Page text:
A Drop of Irish

Somerville and Ross

Marigold Armitage is perched on the top shelf of my fiction section between Martin Amis and Daisy Ashford. If you don’t know her books you will certainly be aware of her genre.

She wrote in the 1950s taking over seamlessly from the novels written fifty years earlier by Somerville and Ross. I have two novels by her, very likely her entire oeuvre, A Long Way to Go and A Motley to the View. The sub-title of the former is “an Anglo-Irish near-tragedy”. The latter starts “It will end in tears,” said Gillian. “That’s for sure, admit?”

Think of Nancy Mitford in Ireland with hounds, hunting, humour, dogs and drunkenness. In the days before the Internet these books were hard to get hold of. I advertised in The Spectator in 1982 and had two replies. First from a Mr Porter in Richmond, Surrey saying that he wanted a copy too and, secondly, from Sir Owain Jenkins in Petworth, West Sussex, offering me his copy for £1 to be collected from his office in Southampton Row (where I had a flat then). How do I know this? Their letters have just fallen out of my, or rather Sir Owain’s, copy.

I would love to know something, anything, about Marigold Armitage but cannot find out anything about her. Her books are a total delight and as the hunting season, dare I say the drinking season too, start I recommend them.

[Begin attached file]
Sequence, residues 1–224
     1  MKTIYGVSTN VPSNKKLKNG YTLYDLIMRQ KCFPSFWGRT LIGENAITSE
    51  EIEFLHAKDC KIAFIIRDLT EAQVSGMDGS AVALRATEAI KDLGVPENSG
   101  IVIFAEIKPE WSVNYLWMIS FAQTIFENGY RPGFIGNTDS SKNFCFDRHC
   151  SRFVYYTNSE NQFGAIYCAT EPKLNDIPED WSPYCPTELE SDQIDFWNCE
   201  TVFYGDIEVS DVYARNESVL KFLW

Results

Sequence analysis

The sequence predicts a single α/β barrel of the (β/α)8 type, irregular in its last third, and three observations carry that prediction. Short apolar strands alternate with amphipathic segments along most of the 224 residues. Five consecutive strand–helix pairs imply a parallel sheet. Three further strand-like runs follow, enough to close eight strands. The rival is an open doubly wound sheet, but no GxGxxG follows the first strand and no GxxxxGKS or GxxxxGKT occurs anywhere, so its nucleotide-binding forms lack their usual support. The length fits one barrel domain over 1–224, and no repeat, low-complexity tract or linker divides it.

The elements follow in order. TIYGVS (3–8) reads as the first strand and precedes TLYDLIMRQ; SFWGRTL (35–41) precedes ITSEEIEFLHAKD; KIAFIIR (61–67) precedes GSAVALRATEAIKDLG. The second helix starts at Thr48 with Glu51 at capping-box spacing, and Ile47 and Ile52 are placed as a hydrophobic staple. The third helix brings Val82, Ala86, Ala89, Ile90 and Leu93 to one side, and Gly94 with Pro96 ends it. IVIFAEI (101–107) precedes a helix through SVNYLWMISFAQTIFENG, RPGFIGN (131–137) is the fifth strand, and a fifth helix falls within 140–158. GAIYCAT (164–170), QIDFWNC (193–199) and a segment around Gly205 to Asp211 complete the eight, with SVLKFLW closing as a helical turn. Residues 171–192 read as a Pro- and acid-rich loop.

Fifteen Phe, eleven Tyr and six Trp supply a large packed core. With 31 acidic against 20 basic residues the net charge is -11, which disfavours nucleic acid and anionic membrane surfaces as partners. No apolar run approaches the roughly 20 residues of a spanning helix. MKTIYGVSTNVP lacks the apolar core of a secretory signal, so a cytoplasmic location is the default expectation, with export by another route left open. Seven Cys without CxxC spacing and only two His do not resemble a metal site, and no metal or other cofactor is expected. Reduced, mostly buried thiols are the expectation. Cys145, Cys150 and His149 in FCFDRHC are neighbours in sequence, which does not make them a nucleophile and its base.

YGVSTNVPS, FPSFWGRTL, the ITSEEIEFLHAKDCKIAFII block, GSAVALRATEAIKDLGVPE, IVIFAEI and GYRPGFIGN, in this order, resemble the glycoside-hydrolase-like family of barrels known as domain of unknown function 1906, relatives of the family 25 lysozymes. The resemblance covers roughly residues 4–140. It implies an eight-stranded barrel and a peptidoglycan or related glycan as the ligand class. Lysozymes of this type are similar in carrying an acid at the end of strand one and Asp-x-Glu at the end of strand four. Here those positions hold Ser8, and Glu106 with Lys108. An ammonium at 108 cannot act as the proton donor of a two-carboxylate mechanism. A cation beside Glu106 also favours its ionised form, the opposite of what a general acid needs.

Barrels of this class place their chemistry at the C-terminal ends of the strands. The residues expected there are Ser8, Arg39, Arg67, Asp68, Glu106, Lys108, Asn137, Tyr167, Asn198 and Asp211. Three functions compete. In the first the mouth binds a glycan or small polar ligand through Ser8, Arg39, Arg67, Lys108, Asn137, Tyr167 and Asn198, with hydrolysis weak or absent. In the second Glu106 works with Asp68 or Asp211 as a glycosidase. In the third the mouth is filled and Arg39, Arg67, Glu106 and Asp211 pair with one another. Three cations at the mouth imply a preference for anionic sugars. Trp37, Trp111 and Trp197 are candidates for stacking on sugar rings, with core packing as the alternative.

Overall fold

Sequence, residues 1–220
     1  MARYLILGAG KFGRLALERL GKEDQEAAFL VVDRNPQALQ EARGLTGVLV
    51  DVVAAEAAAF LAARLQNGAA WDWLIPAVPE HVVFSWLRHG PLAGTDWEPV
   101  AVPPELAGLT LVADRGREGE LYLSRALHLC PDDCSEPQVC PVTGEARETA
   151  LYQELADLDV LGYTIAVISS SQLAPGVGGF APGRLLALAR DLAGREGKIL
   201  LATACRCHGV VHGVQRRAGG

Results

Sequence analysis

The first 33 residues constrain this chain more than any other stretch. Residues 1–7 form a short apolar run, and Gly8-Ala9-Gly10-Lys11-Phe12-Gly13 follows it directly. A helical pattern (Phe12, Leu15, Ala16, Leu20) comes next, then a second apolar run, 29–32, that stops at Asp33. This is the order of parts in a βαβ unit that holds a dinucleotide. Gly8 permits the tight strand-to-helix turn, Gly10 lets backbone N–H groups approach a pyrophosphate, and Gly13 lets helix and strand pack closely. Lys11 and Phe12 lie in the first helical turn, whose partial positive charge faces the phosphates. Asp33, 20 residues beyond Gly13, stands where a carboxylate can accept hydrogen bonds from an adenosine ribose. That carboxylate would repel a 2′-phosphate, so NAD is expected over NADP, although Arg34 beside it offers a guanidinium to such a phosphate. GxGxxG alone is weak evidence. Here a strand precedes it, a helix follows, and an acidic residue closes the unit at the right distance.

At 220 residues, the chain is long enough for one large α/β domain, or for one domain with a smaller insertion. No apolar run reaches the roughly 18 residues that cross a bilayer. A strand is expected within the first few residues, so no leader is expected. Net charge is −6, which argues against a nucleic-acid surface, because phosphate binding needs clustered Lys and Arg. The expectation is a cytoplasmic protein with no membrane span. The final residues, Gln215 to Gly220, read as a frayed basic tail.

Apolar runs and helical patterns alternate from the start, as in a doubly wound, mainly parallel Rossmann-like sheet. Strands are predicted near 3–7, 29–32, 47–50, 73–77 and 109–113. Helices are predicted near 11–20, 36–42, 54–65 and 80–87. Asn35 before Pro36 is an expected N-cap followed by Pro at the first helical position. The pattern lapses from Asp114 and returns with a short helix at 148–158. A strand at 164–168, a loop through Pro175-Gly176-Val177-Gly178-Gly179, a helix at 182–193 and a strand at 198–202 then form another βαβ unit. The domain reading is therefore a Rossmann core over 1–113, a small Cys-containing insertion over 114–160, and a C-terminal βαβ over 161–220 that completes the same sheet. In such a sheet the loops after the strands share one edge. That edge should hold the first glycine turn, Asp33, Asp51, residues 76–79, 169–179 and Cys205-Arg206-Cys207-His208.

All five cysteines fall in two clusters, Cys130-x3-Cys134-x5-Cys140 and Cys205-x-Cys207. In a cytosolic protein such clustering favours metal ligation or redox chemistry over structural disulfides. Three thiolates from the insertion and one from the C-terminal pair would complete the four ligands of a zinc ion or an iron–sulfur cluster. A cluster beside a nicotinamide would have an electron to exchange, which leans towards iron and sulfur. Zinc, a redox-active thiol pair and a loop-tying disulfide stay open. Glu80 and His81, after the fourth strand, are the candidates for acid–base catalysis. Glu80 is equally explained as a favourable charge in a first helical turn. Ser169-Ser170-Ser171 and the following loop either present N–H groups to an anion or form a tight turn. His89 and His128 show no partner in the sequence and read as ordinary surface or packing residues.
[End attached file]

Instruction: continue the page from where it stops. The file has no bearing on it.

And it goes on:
But why did I teeter on my library steps and pull out these books? Because I have just bought a novel, also written in the 1950s, by Honor Tracy, The Straight and Narrow Path. I have only read the first few pages but it is immensely promising. It is in the same genre. Already Mr Pearl, an English journalist, has returned “lying on a gate and reverently borne along by two other drunks” and “Lord Patrickstown had been sighted dancing through his woods with nothing on”. Reach for the Jameson’s Redbreast 15 year old and enjoy.


And is this genre dead? You know perfectly well that it is not; Molly Keane carried the torch with distinction and then James McAleese with The Kilbeggan Touch published in 1998. Now I hope Homan Potterton might step up to continue this literary tradition that gives so much pleasure to its readers and was started by Maria Edgeworth in 1800 with Castle Rackrent.


2 thoughts on “A Drop of Irish”

  1. the must-read Honor Tracy is “Mind you, I’ve said Nothing” in which she takes a hatchet to Irish Society as it was in 1950s Dublin.

  2. I’m in the middle of A Motley to the View, and enjoying it immensely. It seems timeless, could just as well be 21C but also gives one a distinct echo of Somerville & Ross. And I too am puzzled about how little is available on the internet about the talented Marigold Armitage.

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